After days of relentless snowfall, Ohio State canceled classes Tuesday because officials determined that conditions on and near campus were unsafe. Despite more snowfall Tuesday, OSU will resume classes today.

However, parking for students will be tough today, the university said in an e-mail Tuesday. Lack of pavement lines, snow mounds and icy conditions will complicate driving and parking.

OSU Emergency Management urges anyone having problems on campus today to contact the university’s service center at 292-HELP or service2facilities@osu.edu.

It has been an exceptionally snowy winter in Columbus.

The 9.7 inches of snow that fell on Monday set a record for Feb. 15 snowfall in Columbus, shattering the previous record of 3.1 inches set in 2003.

Through Tuesday afternoon, Columbus has recorded its second-highest monthly snowfall, with 25.4 inches so far in February, said Brian Coniglio, meteorologist for the National Weather Service.

The record for February snowfall is 29.2 inches, set in 1910. January 1978 saw 34.4 inches, which is the record for most snow in a month, Coniglio said.

A total of 45.2 inches of snow has blanketed the city this season, the seventh-highest mark recorded by the National Weather Service. The record for a season in Columbus — between July 1 and June 30 — is 67.8 inches, set in 1910.

OSU Emergency Management sent an e-mail to students, staff and faculty before 6 a.m. Tuesday announcing that classes were canceled.

“Not all employees were told to stay home,” Shelly Hoffman, assistant vice president for media relations, said in an e-mail. “Those deemed essential (public safety, Med Center, residence halls, food service, etc.)” were expected to work Tuesday.

OSU has canceled classes only four times in the last 10 years, with the most recent closing in January 2009, she said.

“Ohio State never shuts down,” Hoffman said. “We have only canceled classes and some activities.”

President E. Gordon Gee made the decision to cancel classes after consulting with other university officials. The fact that Franklin County early Tuesday declared a “level two” snow emergency was a significant factor in the decision, Hoffman said.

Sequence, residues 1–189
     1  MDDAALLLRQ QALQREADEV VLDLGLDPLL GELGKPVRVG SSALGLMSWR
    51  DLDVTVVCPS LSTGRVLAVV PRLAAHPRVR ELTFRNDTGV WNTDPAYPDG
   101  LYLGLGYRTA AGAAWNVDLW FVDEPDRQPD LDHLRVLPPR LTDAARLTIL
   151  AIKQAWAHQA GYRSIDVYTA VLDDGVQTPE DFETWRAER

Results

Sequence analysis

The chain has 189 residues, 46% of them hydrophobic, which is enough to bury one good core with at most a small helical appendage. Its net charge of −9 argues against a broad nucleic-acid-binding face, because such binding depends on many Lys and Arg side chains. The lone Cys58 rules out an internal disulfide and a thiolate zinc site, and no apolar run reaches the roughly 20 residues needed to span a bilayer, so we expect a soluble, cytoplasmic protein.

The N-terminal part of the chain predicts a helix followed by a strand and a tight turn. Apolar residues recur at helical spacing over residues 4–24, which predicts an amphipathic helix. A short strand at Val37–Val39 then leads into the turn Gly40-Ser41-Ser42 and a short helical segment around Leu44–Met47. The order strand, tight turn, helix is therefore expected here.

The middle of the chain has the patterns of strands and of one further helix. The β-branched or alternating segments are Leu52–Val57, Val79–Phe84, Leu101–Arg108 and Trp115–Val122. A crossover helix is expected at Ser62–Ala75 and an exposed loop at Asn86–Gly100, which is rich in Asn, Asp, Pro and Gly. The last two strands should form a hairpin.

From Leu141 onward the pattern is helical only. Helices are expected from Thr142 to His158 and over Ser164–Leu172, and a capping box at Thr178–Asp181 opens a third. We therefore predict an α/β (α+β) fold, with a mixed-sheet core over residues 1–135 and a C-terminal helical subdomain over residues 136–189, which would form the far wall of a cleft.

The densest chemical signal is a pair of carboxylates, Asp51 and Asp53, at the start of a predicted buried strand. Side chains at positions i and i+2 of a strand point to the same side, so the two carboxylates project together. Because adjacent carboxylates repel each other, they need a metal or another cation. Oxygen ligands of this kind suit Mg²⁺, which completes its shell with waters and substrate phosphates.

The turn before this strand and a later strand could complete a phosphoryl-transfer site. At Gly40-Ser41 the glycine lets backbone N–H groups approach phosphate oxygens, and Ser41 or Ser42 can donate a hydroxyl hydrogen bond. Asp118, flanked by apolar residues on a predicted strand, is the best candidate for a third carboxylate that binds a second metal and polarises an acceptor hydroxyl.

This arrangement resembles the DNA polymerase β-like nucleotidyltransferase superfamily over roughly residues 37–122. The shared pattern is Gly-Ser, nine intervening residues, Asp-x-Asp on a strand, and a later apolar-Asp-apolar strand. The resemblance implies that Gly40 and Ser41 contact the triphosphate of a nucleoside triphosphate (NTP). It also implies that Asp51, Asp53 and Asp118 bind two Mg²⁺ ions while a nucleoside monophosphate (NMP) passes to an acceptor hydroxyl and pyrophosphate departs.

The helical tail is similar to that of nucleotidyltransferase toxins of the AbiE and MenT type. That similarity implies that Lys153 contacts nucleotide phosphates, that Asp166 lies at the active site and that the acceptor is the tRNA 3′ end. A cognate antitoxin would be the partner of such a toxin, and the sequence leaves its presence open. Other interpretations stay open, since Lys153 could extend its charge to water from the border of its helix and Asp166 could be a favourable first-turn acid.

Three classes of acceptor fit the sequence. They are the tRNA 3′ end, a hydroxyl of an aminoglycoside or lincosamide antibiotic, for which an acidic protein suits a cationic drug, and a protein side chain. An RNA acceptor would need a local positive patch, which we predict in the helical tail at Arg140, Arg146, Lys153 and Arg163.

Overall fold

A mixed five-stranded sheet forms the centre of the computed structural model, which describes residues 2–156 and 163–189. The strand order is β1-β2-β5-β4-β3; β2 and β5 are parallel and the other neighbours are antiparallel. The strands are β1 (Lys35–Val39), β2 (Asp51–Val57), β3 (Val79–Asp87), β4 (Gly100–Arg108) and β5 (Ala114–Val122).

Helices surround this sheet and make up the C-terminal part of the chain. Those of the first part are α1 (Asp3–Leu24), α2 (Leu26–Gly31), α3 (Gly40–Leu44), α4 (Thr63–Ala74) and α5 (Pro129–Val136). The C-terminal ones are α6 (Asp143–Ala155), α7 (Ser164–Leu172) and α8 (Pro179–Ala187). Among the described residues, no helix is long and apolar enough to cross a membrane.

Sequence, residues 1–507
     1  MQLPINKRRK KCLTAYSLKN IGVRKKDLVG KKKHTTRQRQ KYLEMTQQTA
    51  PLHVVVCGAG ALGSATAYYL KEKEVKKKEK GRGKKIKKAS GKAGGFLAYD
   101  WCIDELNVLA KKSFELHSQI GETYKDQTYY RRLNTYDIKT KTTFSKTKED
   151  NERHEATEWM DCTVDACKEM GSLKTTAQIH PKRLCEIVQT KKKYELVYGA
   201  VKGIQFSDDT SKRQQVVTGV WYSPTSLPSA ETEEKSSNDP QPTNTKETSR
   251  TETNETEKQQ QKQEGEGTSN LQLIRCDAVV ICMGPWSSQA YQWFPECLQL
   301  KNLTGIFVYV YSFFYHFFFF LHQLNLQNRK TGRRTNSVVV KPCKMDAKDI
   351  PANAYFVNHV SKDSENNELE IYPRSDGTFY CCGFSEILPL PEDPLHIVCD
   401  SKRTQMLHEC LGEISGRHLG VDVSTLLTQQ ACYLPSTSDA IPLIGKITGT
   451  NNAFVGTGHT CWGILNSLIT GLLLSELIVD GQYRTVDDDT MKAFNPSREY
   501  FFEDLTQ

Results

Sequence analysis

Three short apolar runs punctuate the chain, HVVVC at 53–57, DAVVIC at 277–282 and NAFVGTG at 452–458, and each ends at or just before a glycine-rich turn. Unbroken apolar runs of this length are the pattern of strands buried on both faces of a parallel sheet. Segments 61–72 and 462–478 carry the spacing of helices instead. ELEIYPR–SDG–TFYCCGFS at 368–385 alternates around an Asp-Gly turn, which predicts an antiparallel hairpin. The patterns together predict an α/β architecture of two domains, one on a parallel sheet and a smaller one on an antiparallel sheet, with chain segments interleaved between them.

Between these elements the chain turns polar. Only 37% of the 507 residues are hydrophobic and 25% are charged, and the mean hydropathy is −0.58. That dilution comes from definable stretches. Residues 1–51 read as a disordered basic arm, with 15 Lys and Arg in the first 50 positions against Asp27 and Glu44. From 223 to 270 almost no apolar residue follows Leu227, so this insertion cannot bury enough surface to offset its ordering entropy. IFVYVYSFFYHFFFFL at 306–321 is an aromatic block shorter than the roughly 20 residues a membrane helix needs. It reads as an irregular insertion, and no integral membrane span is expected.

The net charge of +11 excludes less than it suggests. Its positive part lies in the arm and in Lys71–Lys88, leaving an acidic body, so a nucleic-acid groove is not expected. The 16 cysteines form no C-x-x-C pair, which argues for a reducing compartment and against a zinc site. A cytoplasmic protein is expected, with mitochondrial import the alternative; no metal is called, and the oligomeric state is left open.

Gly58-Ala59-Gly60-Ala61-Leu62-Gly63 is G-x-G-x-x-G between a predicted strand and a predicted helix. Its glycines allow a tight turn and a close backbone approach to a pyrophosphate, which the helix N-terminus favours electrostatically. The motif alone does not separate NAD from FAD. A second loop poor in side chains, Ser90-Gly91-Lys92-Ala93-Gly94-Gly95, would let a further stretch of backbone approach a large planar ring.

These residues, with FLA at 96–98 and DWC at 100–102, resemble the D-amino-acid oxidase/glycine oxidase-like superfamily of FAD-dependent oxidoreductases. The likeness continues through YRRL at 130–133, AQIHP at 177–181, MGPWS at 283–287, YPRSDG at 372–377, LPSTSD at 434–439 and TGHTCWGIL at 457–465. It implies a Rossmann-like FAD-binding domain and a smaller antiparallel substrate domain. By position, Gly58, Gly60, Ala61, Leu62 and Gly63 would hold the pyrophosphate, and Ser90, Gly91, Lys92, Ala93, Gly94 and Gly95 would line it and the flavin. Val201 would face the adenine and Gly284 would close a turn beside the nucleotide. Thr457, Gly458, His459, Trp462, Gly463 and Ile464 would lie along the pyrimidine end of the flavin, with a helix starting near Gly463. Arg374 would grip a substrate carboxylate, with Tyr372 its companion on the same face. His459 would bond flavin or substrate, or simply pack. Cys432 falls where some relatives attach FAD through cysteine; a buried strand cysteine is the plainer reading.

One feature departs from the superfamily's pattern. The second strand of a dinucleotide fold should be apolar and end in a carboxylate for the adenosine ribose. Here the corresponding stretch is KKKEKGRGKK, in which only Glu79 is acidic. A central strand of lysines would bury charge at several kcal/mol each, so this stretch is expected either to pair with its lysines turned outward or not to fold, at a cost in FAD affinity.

The OSU Medical Center remained open, as well as residence halls and public safety departments, according to OSU Emergency Management.

“Decisions like this are made based on road conditions and travel conditions for faculty, staff and students,” said Bob Armstrong, director of Emergency Management.

“It’s been difficult for the road crews around the city and on campus to keep up with snow removal,” Armstrong said.

Conditions have certainly been adverse for drivers on- and off-campus, as evidenced by a pileup involving more than 40 vehicles that shut down 20 miles of Interstate 71 on Monday. No one was seriously injured in the incident.

Events at the Wexner Center for the Arts were canceled, and the Younkin Success Center was closed for the day.

Despite the storm, some OSU events went on as planned. The Black Eyed Peas concert at the Schottenstein Center Tuesday night went on as scheduled. Workout facilities such as the RPAC and the Adventure Recreation Center remained open.

The Science and Engineering Library was the only library open on campus Tuesday.

Campus dining options were limited as well, with Oxley’s by the Numbers Cafe and the Pizza At the Drake restaurant both closed Tuesday.

“The P.A.D. is closed because the university is closed, and the P.A.D. is primarily run by students,” said Diana Mitchell, assistant manager at the pizza restaurant.

However, many other dining locations remained open, including MarketPlace, Mirror Lake Creamery, North Commons and Kennedy Commons.

The final decision to cancel classes is made by OSU President E. Gordon Gee, with recommendations from departments around campus.

The OSU Newark Campus was the only regional campus closed Tuesday. The Marion, Lima, Mansfield and Wooster campuses remained open.